We use WhizzML’s
lambda to define a function with no arguments that will generate a random set of parameters for our ensemble. Note that we need to know if this is going to be a classification or a regression in advance, as setting
true for regression problems is invalid. This function returns a function that can be invoked over and over again to generate different sets of parameters each time.
The process of evaluating these generated parameter sets is fairly simple; for each parameter set you want to evaluate, you create an ensemble, perform an evaluation on your holdout set (you did hold out some data, didn’t you?), then pull out or create the metric on which you want to evaluate your candidates.
Once you have these evaluations in hand, you need to model them (step four). That’s done here:
Here, we make the random forest described above. The helper
smackdown—data->dataset creates a dataset from our list of parameter evaluations. We then create a series of random seeds and create a model for each one, returning the list of IDs.
The next thing is to create a bunch of new parameter sets and use our constructed model to evaluate them:
data argument here is our new list of parameter sets (created elsewhere by multiple invocations of the
model-params-generator defined above), and
mod-ids is the list of model IDs created by the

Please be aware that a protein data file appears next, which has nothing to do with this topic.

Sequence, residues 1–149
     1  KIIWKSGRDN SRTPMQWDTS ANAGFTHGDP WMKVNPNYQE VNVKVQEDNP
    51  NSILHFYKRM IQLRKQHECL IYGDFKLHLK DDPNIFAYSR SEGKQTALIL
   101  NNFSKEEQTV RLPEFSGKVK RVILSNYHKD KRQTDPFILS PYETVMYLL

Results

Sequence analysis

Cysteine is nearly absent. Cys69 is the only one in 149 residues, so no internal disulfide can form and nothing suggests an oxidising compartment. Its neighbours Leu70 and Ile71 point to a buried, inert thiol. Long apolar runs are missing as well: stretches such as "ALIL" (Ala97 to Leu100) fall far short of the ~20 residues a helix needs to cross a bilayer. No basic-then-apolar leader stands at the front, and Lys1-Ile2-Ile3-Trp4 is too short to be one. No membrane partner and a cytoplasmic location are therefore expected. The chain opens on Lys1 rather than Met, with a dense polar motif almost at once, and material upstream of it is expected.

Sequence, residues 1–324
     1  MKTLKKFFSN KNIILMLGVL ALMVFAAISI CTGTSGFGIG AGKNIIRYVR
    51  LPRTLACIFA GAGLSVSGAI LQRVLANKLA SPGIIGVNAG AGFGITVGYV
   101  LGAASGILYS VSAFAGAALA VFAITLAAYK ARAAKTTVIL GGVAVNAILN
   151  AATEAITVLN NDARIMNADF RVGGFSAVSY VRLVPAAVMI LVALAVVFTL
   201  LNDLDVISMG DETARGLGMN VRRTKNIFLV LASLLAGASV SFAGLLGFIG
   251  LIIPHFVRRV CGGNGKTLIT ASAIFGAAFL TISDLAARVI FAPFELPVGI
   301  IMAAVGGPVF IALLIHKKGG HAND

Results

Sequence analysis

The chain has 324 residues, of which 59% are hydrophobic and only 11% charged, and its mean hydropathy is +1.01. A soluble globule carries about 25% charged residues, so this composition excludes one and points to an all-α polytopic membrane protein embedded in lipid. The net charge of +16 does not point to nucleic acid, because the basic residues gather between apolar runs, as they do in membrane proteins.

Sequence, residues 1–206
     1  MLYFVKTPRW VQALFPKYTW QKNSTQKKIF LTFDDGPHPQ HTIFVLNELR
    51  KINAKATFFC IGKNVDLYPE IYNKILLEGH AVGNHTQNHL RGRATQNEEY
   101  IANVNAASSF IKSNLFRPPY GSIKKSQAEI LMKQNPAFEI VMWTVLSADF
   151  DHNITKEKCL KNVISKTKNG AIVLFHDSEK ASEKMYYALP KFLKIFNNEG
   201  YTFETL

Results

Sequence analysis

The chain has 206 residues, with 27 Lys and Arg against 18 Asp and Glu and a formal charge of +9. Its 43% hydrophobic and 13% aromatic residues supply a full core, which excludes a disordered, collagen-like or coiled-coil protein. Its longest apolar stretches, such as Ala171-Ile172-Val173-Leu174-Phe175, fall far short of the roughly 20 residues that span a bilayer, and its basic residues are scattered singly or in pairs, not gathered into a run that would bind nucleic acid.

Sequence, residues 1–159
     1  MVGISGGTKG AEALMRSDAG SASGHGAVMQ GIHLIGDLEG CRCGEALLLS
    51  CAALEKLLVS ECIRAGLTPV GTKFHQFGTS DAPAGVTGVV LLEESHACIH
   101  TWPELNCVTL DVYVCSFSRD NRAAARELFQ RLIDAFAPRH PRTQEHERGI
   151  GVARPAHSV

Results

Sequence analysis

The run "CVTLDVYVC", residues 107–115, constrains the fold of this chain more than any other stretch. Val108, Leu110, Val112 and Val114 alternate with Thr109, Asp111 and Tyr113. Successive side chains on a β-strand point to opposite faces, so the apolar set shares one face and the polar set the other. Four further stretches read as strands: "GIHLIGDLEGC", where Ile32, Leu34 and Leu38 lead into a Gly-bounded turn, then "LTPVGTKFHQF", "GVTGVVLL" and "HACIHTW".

smacdown--create-ensemble. The logic here is again fairly simple: We create a batch prediction for each model, then create a sample from each batch predicted dataset so we can pull all of the rows for each prediction into memory. We’re left with a row of predictions for each datapoint in
Another function is applied to these lists to pull out the mean and variance from each one, then to compute, given the current best evaluation, which of these has the greatest chance to improve on our current best solution (that is, which has the highest percentage of the area under its Gaussian below the current best solution).
There’s a number of details here we’re glossing over, but thankfully you don’t have to know them all to run the script. In fact, you can clone it right out of BigML’s script gallery:
What’s the takeaway from all of this? Mainly, we want you to see that WhizzML is expressive enough to let you compose even complex meta-algorithms on top of BigML’s API. When you choose to use it, WhizzML offers you scalability and language-agnosticity for your Machine Learning workflows, so that you can run them on any data, any time.